Wednesday, May 8, 2013

A mandate for Open Access: The University of Liège (ULg) and ULg Library

The University of Liège has an exemplary Open Access mandate. It inspired a unique collaboration among researchers, university management and library. In this guest post, François Renaville, systems librarian at the ULg Library, explains how. ULg's institutional repository ORBi is indexed in Primo Central. For more information about institutional repositories in Primo Central click here.

Open access to academic output has been for some years now in the center of scholarly communication at the University of Liège (ULg). In 2007, our Administrative Board adopted the Immediate-Deposit & Optional-Access (IDOA) mandate and took the radical step of making it compulsory for our researchers to add references for all their publications and academic conferences to the institutional repository, backdated to 2002, and to deposit the full electronic version of all the articles that they have published since 2002.  

A reference to a scholarly publication has to be placed in the repository as soon as the publication has been accepted by the publisher or as soon as the document is considered to be complete. The obligation to deposit the full text of documents in the repository is relevant only for articles published in journals, but it is in no way exclusive: any other type of publication (book chapters, dissertations, reports, conference presentations, lectures for the general public, posters, course notes...) can be deposited as well.  Authors grant open access to the full text of the documents if the publishers’ terms allow them to do so. In cases where embargoes or other restrictions are imposed by a publisher, readers can still request as a print copy from the author directly from the repository.

The reasons behind this policy are simple. Firstly, University management needs to track its output. Bernard Rentier, Rector of the University of Liège, explained in his presentation at the MedOANet European workshop 2013: “If you don’t know what the scientific production of your university is, you have a problem.” But with an institutional repository, the institution can derive statistics for its output. Secondly, researchers are “not supposed to work for no readers,” as Thierry van Cutsem, Research Director FNRS and Adjunct Professor ULg, stated in an interview recorded in the video below. Bernard Rentier explains in his MedOANet presentation that scientists who are satisfied with being able to claim that they have published in a prestigious journal—even though it is only accessible for users in universities who can afford it—are completely missing the point. The point is that you want everybody to read your scientific output, to understand it, and to reuse it.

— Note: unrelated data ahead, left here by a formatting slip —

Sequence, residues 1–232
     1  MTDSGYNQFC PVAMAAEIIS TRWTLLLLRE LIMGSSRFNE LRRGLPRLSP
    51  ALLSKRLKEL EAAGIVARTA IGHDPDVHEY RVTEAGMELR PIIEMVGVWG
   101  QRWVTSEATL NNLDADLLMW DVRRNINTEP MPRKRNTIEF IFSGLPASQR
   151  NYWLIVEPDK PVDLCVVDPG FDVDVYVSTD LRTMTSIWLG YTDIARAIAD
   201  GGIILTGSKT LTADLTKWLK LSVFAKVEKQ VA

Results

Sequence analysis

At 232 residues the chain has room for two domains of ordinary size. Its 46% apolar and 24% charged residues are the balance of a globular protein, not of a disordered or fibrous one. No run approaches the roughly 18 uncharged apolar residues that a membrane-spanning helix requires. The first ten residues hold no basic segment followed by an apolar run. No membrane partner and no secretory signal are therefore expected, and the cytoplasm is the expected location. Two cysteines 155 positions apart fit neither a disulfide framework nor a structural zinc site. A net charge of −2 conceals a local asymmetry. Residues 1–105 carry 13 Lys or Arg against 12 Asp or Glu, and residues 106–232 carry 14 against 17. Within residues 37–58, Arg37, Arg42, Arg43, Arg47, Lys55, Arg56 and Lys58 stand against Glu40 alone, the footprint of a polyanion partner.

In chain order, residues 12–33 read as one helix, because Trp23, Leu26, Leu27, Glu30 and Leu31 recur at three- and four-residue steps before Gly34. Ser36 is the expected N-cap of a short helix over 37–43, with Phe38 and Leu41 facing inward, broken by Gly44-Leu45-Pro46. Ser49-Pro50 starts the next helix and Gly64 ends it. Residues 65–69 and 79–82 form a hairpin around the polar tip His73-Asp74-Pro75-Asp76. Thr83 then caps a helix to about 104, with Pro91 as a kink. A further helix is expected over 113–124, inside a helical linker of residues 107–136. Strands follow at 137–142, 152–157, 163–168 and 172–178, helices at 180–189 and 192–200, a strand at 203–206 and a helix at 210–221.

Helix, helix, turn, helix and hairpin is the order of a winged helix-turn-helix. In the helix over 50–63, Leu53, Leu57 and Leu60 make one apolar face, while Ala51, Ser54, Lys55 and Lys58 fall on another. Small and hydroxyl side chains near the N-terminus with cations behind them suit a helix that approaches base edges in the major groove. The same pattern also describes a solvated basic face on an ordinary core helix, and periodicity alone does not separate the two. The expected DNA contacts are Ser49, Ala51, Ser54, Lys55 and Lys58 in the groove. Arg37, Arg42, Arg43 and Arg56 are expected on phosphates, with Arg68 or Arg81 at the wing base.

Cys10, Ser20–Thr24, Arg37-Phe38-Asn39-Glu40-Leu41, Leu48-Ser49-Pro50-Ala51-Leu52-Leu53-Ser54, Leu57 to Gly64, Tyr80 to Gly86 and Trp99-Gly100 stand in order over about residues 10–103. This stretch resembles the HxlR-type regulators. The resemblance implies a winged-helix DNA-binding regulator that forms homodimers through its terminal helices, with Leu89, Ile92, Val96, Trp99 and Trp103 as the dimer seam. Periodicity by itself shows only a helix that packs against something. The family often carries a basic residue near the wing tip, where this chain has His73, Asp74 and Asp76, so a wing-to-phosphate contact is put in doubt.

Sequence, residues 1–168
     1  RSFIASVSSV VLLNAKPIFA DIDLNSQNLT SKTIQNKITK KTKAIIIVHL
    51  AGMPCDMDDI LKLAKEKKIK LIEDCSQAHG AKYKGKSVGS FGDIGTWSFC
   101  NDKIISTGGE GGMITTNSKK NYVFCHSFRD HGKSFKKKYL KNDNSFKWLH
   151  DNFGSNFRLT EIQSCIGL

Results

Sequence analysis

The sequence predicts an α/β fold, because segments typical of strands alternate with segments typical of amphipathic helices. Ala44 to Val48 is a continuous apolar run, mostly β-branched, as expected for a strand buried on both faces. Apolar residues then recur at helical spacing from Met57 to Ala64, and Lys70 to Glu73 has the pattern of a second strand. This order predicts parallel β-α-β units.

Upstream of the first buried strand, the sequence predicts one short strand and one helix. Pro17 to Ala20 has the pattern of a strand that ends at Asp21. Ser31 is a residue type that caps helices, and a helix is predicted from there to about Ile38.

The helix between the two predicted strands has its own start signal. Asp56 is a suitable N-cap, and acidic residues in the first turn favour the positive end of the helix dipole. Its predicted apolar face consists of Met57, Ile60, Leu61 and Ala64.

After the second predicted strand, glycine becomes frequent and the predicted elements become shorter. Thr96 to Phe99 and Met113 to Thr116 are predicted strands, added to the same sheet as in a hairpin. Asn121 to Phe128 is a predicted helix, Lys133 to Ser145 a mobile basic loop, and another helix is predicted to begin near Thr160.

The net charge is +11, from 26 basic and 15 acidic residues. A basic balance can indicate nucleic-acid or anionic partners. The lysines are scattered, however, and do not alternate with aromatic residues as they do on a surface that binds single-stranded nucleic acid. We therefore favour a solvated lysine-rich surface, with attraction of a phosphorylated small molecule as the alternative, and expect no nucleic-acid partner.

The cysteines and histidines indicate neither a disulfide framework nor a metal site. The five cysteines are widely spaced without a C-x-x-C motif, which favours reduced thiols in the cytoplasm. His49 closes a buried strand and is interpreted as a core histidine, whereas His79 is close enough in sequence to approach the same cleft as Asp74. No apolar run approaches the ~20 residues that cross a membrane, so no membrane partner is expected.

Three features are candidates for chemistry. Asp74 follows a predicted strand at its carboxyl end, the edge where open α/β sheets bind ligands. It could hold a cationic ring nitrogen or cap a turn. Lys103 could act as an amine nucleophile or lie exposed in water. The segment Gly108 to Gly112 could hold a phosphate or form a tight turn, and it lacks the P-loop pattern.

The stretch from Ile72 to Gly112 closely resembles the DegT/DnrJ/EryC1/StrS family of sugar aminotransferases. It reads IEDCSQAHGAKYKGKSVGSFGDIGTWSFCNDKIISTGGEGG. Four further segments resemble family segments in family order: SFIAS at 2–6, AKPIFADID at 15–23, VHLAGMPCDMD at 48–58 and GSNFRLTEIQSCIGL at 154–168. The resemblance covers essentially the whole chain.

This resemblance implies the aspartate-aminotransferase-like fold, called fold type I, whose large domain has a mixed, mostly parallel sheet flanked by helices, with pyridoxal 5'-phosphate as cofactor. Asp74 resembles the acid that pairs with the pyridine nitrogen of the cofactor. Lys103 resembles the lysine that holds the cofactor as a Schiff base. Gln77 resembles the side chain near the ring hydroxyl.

The ULg Library is playing a key role in supporting the seamless adoption of the IDOA institutional mandate. The library is tasked with the provision of an institutional repository and the support of the institution’s faculty and researchers depositing their publications. In November 2008, the library launched its DSpace-based institutional repository ORBi within the collaborative framework of the Belgian French-speaking university library consortium (BICfB). A few months later, the ULg’s mandate was further advanced by a policy advising that evaluations, appointments, promotions, and budget allocations decisions will take into account only references that are archived in ORBi.
Currently, ORBi contains more than 94,700 references, of which about 57,800 (61%) have a full text (29,900 of them [52%] with an OA full text), and gets more than 2,400 downloads a day (spiders excluded).

Besides the endorsement of the strong institutional policy, other factors played a major role in the success of ORBi. One of them is the user-oriented improvement of the repository: more specifically, we consider that referencing and dissemination is fundamental to reach a real increase of the visibility of the authors’ academic production. On that point, ULg Library’s efforts are very effective. For example, once a reference has been archived in ORBi, it is searchable in Google within an hour of archiving. ORBi is also harvested by other search engines and archives, e.g., Google Scholar, OpenAIRE, Base, Driver, Isidore and, of course, the Primo Central Index.

ULg conducted a number of interviews with researchers, recorded in the video below, confirming that they are well aware of the benefits. In addition to reaching a very large readership very quickly, researchers see their impact sooner. Christian Hanzen, Professor at the Faculty of Veterinary Medicine, states: “When I effectively consult the number of my downloads and I see where they originate from, I realize the impact I can have.” 

For more information refer to the two videos below, featuring interviews with researchers at Liège, and in the second, a presentation by Bernard Rentier explaining the institutional mandate. 

For more information about registering institutional repositories for Primo Central click here

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